What can you do when you see that a loved one needs care, but he or she will not accept help? How can you encourage someone to accept assistance? The tips below may help.

Involve the person in decisions.

  • Approach the person with respect. If at all possible, the person should remain in charge of his or her care. Your role may be to facilitate decisions rather than to make them.
  • Watch for openings in conversations. For example: “You mentioned feeling tired. Are you having trouble keeping up with your chores?”
  • If the person doesn’t think he or she needs help, give examples of instances that have caused you concern.

Evaluate specific care needs.

  • Ask, “What kind of help do you need or want?”
  • Consider very specific needs, such as help with meals, household chores, or personal care.
  • Ask about needs for social support, transportation or medical care.

Ask the person about his or her concerns.

  • It may be easier to find solutions if you know the reasons for the person’s resistance. Acknowledge all concerns–they are very real for that person.
  • Some of the common reasons people resist care include:
    • Not wanting to give up their independence.
    • Being afraid of strangers coming into their home.
    • Feeling that the care would be too expensive.
    • Concern about burdening others.
  • A list of other health care providers the person is seeing.
  • Paper and pencil or tape recorder to take notes.
  • Necessary equipment like walkers, hearing aids, etc.
  • Calendar or datebook for scheduling follow-up visits.

Present Options.

  • A person may feel more empowered–and more likely to accept help–if he or she has options.
  • For example, a person who can no longer keep up a big house might: choose to hire someone to help with the chores; use only a portion of the home (for example, living only downstairs); move to a smaller space.
  • A person who needs daily care might choose to hire a home care company to provide a professional caregiver to help in the home.

Talk about your needs, too.

  • Sometimes people will not accept care on their own behalf but will accept it if they believe it will lessen their family’s burden.
  • Say, “If I know you are cared for, it will ease my worry” or “I’m sure you could do it yourself, but it would make me feel good to do it for you.”

How do you know when a person can no longer make decisions about his or her care?

  • Some of the signs that indicate a person is unable to make decisions include:
    • Not eating, bathing, or providing basic self care.
    • Not paying bills, or answering mail.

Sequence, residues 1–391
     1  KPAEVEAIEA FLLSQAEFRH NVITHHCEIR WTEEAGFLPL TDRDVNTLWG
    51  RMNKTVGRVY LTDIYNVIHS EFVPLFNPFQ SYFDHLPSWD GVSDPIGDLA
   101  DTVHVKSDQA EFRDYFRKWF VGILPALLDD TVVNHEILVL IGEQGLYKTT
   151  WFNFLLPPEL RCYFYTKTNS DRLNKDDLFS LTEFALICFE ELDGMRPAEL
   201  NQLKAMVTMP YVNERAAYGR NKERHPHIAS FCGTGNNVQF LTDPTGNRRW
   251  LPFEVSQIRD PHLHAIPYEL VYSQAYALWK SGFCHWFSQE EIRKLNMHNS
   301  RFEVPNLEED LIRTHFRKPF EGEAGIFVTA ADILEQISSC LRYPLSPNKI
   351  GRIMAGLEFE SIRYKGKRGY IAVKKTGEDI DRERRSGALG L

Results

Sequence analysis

• Doing dangerous things like leaving stove burners on.
    • Showing symptoms of memory loss or confusion.
  • All of these signs are subjective. Ask the person’s doctor to help you evaluate his or her ability to make decisions.

If the person still refuses care . . .

  • If the person’s health or safety is at risk, say gently but firmly, “We have to address this. We can’t put it off any longer.”
  • Bring in other people. Call a family meeting to strategize about how to help the person accept care.
  • Ask the person’s doctor, clergy or another outside person to step in. Sometimes an unrelated person will have more influence.

Don’t give up.

  • A person might refuse care at first, but over time may accept help.
  • Keep offering and providing what care the person will accept.
  • Take advantage of windows of opportunity. For example, you may be able to start providing help during an illness or following a hospitalization.

Take care of yourself.

  • Knowing that a person needs care but won’t accept it can be very difficult emotionally. Try not to take it personally. It is not your fault.
  • Consider talking about the situation with supportive friends, family members or a counselor. Think about joining a caregiver support group.

How will you know when to insist on providing care for a loved one who resists help? If you are unsure, ask a health care professional. If the person’s health or safety is in danger, consider contacting your local social services office or Adult Protective Services for assistance.

To learn about social and support services in your area, consult your local Select Home Care office. You can also call the Eldercare Locator at 1-800-677-1116 or visit its website at www.eldercare.gov on the Internet.